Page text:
i and the Great Divide
by Fiona McGlynn, illustrated by Robin Urquhart

Love Letter Press, 2013. ISBN 978-1-490-43423-0.
Reviewed by Judy Miller
Posted on 11/11/2013

Younger Readers; Nonfiction: Life Lessons; Nonfiction: Relationships

I was compelled to immediately read i and the Great Divide upon pulling the book from its shipping envelope, so captured was I by the fun, colorful and quirky illustrations on the cover. i and the Great Divide, written for children ages 6-9, explores the sensitive subject of separation and divorce. I felt invited and the "child-me" surfaced; the child of divorce felt safe.

i and the Great Divide examines separation and divorce through the perspective of the egocentric child, represented by the alphabet letter "i." The reader follows i as she expresses her thoughts and acts out about her parents'—"t" and "n"—decision to not live together.

Children of divorce often attempt to take the blame of their parents' separation and/or act out, and McGlynn address this with great understanding and empathy. i and the Great Divide will resonate with children of separation and divorce, helping them to process their own thoughts and feelings.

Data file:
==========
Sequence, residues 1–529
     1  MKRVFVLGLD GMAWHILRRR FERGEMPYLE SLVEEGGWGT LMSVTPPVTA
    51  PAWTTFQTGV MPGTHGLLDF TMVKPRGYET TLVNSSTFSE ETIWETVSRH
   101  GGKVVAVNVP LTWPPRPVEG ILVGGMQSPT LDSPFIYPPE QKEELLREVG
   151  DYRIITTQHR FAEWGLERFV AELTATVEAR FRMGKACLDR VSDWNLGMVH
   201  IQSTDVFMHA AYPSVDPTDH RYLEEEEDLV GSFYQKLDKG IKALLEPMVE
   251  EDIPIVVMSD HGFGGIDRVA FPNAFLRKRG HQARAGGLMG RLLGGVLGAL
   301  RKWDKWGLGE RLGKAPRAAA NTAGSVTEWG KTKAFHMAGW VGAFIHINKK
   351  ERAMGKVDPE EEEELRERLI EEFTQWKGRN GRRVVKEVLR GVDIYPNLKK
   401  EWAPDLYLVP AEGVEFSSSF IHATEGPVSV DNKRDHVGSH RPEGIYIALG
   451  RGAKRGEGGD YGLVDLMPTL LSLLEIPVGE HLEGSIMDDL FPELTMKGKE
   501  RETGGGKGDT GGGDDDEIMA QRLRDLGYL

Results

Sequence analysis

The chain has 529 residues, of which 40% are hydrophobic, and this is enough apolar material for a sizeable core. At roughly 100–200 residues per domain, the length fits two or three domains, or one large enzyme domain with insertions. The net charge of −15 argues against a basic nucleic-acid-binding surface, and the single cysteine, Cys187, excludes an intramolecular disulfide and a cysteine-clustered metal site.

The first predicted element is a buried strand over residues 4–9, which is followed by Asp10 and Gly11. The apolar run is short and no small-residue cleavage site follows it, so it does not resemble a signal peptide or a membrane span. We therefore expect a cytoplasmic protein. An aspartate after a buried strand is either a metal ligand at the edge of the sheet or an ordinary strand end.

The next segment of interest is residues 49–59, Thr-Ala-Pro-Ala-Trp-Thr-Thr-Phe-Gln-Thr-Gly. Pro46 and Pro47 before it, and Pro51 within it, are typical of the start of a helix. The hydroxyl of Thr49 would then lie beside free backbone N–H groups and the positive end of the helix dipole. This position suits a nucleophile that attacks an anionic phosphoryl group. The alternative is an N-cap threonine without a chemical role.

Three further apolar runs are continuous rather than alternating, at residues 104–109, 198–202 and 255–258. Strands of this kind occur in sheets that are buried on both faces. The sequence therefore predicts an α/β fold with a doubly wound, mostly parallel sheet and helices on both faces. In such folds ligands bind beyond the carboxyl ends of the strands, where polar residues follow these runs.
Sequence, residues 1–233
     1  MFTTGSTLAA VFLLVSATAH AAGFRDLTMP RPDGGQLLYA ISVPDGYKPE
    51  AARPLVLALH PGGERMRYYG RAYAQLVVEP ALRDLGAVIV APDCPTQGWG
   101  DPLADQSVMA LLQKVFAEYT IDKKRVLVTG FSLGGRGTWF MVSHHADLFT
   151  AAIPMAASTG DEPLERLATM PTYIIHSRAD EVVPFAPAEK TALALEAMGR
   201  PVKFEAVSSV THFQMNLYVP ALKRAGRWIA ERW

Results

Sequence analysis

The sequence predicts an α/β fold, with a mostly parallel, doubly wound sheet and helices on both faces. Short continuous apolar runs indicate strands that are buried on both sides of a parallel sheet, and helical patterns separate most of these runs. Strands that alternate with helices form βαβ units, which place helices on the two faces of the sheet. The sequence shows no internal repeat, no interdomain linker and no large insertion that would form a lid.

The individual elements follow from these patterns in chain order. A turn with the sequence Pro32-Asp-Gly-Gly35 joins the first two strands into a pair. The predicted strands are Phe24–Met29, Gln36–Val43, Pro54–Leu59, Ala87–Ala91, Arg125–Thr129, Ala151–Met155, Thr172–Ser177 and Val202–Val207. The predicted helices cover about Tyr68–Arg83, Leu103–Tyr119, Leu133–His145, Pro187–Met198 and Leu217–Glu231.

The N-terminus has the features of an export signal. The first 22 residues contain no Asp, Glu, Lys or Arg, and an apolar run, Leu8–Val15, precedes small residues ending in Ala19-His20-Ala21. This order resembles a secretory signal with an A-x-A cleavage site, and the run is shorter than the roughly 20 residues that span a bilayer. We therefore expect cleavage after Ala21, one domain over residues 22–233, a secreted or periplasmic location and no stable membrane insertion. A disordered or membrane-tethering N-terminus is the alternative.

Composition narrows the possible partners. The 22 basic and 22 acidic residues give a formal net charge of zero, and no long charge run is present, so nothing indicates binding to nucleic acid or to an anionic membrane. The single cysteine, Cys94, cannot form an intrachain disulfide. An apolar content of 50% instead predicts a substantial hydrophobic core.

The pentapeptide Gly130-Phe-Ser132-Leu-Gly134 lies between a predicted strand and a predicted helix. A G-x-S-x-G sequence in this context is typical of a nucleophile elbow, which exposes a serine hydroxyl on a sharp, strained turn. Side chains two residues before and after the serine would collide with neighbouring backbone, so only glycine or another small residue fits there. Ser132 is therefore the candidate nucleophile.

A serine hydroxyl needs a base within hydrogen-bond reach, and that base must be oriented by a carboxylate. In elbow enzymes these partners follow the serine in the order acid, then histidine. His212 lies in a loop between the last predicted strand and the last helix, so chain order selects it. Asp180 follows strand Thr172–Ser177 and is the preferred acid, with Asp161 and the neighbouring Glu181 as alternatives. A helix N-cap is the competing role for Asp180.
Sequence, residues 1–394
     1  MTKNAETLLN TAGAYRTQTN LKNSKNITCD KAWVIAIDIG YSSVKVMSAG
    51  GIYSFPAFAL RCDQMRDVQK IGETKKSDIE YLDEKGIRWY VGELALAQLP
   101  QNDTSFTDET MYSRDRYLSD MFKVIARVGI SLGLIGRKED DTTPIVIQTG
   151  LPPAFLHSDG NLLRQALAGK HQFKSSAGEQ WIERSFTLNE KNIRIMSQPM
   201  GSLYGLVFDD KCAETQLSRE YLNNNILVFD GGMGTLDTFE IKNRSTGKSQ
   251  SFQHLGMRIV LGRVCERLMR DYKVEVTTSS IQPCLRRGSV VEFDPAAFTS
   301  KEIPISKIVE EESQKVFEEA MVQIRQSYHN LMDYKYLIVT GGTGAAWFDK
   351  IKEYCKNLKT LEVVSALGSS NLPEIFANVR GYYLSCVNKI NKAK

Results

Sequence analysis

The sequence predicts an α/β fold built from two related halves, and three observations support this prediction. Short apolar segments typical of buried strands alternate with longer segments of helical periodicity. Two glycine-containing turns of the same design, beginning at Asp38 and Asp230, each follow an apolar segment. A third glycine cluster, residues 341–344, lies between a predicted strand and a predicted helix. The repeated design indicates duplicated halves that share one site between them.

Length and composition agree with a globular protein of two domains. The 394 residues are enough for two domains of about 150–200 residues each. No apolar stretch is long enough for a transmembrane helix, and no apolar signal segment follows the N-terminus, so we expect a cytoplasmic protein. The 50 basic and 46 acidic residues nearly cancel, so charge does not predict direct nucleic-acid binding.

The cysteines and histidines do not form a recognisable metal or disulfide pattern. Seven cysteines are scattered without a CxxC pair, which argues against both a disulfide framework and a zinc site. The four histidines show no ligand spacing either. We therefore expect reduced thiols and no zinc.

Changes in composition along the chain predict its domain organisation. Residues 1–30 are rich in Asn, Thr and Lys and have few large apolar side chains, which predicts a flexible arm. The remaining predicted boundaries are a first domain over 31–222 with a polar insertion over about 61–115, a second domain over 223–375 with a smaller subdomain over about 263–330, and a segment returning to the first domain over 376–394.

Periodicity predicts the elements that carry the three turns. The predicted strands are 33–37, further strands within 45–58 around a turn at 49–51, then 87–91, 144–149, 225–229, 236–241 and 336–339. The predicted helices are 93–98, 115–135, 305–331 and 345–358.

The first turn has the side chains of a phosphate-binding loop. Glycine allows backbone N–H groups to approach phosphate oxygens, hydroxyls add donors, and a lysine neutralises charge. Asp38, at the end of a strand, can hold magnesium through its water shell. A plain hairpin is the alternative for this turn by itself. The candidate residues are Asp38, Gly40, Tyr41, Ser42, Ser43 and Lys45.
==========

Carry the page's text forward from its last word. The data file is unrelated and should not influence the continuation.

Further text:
Through the use of wonderful poetry and letters (delightfully illustrated by Robin Urquhart), McGlynn is able to represent the many types and truths of families. This reader found the approach very clever.

Kiddos will likely be drawn in by the illustrations and the story, a great springboard for discussion of feelings and the "whys." A few discussion questions are included in the back of the book. McGlynn also provides resources for children and their families on her website.

Author Fiona McGlynn grew up on the west coast with a love of stories. Like i, Fiona's family changed when she was young. Fiona found this hard at the time but later realized that it had all worked out for the best. She wrote i and the Great Divide to help others with changing families. Fiona loves to play ukulele, climb rocks, sail boats, and curl up with a good cup of tea and a book.

Illustrator Robin Urquhart was born and raised in Canada's great white North. His father, a well-known Northern cartoonist, instilled in him a love for bringing stories to life through pictures. In addition to drawing, he loves animals, climbing and playing music. Robin lives in an igloo (not true) and takes a dogsled to school everyday (also not true).

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